Last night I spoke with fellow journalists and writers at the Fort Worth SPJ sponsored event: Blogging for Journalists 101. Lots of interesting questions and comments. As promised, I have compiled some basic information for journalists looking to get started blogging, those looking to improve their reach and those looking to make money as a blogger.
Before we go any further, I want to be clear that I am speaking to journalist bloggers. Not ranters, not untrained writers, not those who are being compensated by companies with money or free gifts and who do not disclose this to their readers. Not PR people who blog for companies. I hate being lumped in with bloggers with social media skills and a vague ability to write who somehow consider themselves journalists. They are not journalists. As a journalist blogger, I am accountable for what I say, I don’t get to hide behind a Twitter handle, I do not accept gifts of any kind without disclosure, nor do I accept paid posts. My posts are factual, informative and my opinion. I have studied as a journalists, worked as a journalists, taught journalism and understand the importance of accountability.
Four Things to Consider Before You Start Blogging
1) What are you going to write about and do you have enough to say about the topic? Many successful bloggers are niche bloggers: they write about nightlife, real estate, their child’s struggle with autism etc. Can you do this three years from now and still have something new to say? And check out your competition. What are they doing right or wrong?
2) Who is your audience? Other moms, what age range, what socioeconomic level, what education level? This is important information potential advertisers will want to know and this information will help you be effective in narrowing down your subject matter and really reaching the audience you need to, not just your mom. And remember, your audience is fickle. They will think you are great for a month and move on to the next great blogger. Build trust with them, keep them coming back by being consistent, honest and a trusted source. For example, I know food bloggers who are compensated by restaurants (which they don’t disclose), who then write a rave review (shocking!) and readers later visit and are appalled. How could anyone blog and say this place was great? Don’t be that blogger.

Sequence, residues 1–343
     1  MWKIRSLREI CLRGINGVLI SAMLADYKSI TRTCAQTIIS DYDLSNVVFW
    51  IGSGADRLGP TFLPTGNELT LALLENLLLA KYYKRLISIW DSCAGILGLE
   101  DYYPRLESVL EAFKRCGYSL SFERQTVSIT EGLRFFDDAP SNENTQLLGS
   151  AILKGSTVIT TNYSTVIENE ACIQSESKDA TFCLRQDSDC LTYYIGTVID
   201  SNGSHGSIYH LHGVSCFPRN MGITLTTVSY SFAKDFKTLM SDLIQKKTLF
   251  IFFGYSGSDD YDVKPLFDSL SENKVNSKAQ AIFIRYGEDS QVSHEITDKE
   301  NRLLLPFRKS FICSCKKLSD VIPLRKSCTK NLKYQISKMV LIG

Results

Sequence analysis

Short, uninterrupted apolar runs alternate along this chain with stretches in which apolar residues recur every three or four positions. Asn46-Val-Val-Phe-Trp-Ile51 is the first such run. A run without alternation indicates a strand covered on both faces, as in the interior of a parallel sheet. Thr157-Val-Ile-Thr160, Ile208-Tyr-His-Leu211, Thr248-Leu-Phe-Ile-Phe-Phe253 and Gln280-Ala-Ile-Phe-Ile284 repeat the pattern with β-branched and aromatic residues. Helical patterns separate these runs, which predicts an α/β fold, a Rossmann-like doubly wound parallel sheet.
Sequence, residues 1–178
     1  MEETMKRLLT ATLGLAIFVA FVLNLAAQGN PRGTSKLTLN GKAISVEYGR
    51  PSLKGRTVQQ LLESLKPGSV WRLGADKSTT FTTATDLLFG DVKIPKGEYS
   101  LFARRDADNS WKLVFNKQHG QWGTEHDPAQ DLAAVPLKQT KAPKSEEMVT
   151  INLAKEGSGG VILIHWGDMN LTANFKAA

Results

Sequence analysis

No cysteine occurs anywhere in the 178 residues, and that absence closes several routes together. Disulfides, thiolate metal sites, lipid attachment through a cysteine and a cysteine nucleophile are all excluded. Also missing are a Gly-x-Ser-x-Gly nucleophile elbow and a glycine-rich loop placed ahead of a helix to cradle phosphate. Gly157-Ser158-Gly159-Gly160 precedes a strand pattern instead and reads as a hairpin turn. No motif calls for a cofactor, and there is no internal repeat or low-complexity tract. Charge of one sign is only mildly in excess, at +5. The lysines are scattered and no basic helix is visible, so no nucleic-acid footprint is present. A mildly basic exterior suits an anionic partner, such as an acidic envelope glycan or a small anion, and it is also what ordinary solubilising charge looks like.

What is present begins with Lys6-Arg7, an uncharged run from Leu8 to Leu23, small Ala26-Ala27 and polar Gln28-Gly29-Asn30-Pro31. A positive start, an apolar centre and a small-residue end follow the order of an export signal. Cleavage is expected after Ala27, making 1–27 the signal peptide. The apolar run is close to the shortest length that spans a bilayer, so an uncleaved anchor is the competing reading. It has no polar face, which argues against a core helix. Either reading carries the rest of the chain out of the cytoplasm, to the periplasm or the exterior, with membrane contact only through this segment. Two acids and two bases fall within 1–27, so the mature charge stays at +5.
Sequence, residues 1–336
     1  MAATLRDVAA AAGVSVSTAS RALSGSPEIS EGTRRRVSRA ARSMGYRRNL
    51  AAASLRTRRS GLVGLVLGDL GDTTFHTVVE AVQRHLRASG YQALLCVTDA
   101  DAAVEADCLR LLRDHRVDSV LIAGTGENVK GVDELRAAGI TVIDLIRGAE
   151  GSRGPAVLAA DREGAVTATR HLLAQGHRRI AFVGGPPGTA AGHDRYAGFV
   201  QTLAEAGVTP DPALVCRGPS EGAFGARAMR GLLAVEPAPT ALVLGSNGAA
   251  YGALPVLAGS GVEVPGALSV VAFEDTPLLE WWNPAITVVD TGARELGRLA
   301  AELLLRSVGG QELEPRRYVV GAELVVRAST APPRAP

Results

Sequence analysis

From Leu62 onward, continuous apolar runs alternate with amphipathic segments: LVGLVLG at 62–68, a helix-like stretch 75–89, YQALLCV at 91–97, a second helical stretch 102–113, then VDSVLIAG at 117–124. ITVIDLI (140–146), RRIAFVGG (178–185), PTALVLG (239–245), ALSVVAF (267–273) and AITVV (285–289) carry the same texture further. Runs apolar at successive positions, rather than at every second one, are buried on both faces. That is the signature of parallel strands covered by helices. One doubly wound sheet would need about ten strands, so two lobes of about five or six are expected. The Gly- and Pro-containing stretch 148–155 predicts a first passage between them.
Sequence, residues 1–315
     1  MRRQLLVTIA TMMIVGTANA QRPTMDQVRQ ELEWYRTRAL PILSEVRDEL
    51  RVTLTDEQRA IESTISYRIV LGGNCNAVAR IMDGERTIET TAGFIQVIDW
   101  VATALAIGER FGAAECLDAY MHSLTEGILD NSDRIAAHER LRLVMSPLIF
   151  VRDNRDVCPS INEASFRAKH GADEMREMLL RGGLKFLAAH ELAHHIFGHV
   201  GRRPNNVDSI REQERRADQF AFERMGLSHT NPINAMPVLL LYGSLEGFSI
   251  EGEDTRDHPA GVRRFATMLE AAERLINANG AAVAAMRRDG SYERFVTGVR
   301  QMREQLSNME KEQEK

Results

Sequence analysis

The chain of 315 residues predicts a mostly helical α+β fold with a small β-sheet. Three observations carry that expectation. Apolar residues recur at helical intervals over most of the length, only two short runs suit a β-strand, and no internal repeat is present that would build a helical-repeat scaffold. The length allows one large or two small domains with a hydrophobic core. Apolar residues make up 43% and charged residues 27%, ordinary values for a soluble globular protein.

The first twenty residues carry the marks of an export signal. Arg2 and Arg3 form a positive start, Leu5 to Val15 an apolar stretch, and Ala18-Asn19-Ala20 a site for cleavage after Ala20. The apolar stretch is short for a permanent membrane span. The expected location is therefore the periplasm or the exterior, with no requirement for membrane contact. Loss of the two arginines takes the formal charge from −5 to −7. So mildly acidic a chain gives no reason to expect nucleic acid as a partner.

3) What are you hoping to gain from blogging? People blog for different reasons. For many it is an open diary. For others it is a place to share their passion for fashion or food. For some it is a way to make extra money. For others it is a release. If you are struggling at home with a child, writing about it and hearing from others moms may be cathartic. If you know what you want to gain from blogging, you will have an easier time meeting your own expectations. Later, you can develop goals such as reaching 5,000 readers a moth or having 1,000 Twitter followers.
4) What is your realistic time commitment for blogging? I started my blog in 2009 and posted daily for a year. That could not happen today as my freelance writing career has taken off and I now have a one year old son. If you work full time at a newspaper, have a family, chores, laundry etc., you will likely turn into a fizzle blogger. You start out committed at first and fizzle to blogging once every three months. Pace yourself. Blogging once a week is fine. Commit to one blog posted every Monday for example. With blogging sites such as Word Press, you can delay the time your post publishes (when it appears on your blog). So if you write Thursday night, still set your publication date for Monday morning. If you have three great things that happen in one week, still delay the posts over three weeks so in those too-busy-to-blog moments you have material to share with readers.
Length: Shorter is better, pictures are a must, linking out gives your readers more sources and you credibility. Links or sources such as Scribd, which allow you to post documents on your blog, let readers decide for themselves if your analysis is true. If a link can say it quicker, post it. In general, 250 is short 1,000 too long. But the purpose is to cover the topic. I can’t keep to those lengths in this blog post but I am compensating with pictures, links etc. to keep a readers attention.
Comments: Require all comments to be reviewed. I get automatic notifications via email and can approve on my phone. Post a comment if it adds to the conversation or if you need to make a correction. Again, you want to build trust with your readers and it says something if they will take the time to read and comment.
Liability: You are responsible for what you say. I know one prominent blogger in Dallas who was named in a lawsuit. You are liable if your family says they don’t appreciate what you said and they disinvite you to Thanksgiving. You are liable to people you blog about. You have a free voice but you do risk unintentionally offending people. You must decide if what you blog about is worth it.